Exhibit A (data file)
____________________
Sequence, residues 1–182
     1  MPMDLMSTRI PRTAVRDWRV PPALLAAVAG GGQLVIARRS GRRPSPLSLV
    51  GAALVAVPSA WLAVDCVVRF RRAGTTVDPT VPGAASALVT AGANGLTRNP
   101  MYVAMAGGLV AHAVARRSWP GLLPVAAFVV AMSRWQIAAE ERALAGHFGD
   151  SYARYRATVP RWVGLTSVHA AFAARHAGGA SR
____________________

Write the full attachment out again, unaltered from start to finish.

Sequence, residues 1–182
     1  MPMDLMSTRI PRTAVRDWRV PPALLAAVAG GGQLVIARRS GRRPSPLSLV
    51  GAALVAVPSA WLAVDCVVRF RRAGTTVDPT VPGAASALVT AGANGLTRNP
   101  MYVAMAGGLV AHAVARRSWP GLLPVAAFVV AMSRWQIAAE ERALAGHFGD
   151  SYARYRATVP RWVGLTSVHA AFAARHAGGA SR